"We are mad to be filming the wind; filming the impossible is what’s best in life." The dream of making the wind graspable has stirred artists since time immemorial. Joris Ivens was not the only one fully aware of this futile endeavor. Martin Putz likewise searches the world for people and places of the wind, while mindful of the fact that only things standing in the way of the wind can provide an inkling of its workings. Without the friction and the motion the wind effects, it remains invisible.
The wind told me a song...Science by way of the Beaufort scale registers 13 voices, from calm to hurricane force. But how might the forms and frequencies of air circulation be pictorially described? Framing the wind or the attempt to capture, corral, or trap this force of nature will always remain a quixotic fight against windmills. So, is this a story of defeat? Or is it the story of a wind-catcher who wishes to substantiate the incomprehensible by way of simple as well as complex technologies: in a wind tower, at the beach, in a scientific laboratory with a man-made wind tunnel – or most beautifully, in an open field where the wind seems to create its own trekking map, as led by the hand sketching its path.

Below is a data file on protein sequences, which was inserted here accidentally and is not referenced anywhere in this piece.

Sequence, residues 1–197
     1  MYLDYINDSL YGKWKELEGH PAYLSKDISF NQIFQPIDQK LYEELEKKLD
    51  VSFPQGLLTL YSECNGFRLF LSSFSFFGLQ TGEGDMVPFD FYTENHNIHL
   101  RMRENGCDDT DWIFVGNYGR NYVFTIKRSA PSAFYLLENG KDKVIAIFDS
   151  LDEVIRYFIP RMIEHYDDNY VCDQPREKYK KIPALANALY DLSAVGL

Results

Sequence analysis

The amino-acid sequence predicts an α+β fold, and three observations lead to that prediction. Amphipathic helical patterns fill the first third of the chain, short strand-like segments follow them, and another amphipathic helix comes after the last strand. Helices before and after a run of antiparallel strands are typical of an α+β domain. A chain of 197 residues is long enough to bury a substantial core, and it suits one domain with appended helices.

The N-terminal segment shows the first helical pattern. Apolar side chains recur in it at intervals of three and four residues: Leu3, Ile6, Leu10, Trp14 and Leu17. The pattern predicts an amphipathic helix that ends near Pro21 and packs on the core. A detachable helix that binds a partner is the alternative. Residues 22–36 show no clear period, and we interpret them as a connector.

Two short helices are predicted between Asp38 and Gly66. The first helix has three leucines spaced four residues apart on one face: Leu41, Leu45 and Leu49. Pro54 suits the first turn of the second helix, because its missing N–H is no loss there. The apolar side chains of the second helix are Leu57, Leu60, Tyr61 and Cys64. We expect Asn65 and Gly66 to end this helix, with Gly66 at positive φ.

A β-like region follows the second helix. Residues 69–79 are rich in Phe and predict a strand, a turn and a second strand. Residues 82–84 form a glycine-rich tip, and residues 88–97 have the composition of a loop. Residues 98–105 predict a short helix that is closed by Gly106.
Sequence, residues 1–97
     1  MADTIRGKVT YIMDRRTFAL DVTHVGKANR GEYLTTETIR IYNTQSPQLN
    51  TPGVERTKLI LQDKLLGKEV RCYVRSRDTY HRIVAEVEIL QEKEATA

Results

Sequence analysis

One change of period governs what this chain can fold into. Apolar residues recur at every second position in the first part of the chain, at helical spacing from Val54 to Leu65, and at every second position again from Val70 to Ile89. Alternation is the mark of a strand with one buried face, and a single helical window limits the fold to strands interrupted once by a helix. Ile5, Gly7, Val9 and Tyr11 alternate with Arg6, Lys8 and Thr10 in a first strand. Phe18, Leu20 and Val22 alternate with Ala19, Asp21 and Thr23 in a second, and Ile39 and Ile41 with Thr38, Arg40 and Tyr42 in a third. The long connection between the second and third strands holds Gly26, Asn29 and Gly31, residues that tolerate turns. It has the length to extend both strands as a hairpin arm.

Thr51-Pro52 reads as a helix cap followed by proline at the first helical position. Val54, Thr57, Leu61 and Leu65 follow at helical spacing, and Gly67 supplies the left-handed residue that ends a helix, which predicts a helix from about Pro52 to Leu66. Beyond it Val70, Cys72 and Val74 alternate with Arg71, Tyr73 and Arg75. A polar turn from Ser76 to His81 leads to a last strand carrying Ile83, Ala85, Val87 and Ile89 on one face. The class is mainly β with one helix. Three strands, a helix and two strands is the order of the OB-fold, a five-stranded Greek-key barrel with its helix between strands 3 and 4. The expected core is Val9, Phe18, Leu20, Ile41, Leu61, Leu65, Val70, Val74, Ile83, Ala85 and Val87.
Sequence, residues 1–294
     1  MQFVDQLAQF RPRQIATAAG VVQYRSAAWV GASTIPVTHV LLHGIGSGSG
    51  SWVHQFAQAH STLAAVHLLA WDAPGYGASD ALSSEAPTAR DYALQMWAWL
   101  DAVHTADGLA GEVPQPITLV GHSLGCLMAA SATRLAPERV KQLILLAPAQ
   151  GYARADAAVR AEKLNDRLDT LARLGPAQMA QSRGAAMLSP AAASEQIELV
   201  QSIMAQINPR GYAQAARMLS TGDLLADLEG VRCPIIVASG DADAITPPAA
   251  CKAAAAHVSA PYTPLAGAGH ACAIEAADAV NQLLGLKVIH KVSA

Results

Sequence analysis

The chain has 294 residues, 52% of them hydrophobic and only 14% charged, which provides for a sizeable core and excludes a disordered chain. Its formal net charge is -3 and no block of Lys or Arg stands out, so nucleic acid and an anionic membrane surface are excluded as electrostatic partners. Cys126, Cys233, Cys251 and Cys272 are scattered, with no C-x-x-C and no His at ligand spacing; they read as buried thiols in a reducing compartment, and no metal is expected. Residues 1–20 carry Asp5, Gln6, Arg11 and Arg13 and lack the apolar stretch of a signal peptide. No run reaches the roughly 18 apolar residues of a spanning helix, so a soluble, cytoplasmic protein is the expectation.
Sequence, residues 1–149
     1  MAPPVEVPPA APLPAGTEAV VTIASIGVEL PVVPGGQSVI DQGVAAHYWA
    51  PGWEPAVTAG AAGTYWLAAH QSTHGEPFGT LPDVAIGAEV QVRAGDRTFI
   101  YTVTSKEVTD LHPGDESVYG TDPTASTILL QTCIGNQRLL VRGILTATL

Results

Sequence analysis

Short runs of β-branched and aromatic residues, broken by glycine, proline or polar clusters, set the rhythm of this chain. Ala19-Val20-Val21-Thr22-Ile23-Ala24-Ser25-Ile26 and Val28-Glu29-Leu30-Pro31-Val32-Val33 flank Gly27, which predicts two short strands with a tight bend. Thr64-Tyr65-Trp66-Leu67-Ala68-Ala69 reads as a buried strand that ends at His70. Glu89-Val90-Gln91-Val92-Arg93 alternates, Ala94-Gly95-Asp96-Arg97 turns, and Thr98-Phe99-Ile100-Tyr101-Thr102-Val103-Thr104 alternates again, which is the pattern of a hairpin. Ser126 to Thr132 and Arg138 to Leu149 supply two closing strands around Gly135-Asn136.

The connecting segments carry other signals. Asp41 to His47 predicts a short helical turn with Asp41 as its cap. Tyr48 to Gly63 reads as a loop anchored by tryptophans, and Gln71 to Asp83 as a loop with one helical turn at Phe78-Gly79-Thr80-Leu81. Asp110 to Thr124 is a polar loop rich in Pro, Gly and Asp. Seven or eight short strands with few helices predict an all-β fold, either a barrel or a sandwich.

One can grasp that which is set in motion by the wind. A crane raising the giant blades of a wind turbine dimensionally recalls the battle of David and Goliath. This scene becomes central to Wind, as does the image from a mesmerizing science film that shows the beating wings of a moth as Thomas Macho's voice explains the paradoxical fact that there is only one constant variable: that of perpetual transformation – namely of the wind which ceaselessly moves all it touches.
The blind man in Robert Frank's Life Dances On wants to photograph the wind as well. He will never be able to marvel at his picture, but the world's breath is also present in the sheer attempt to transcribe its movement. (Regina Schlagnitweit)
Translation: Eve Heller
English, German, Spanish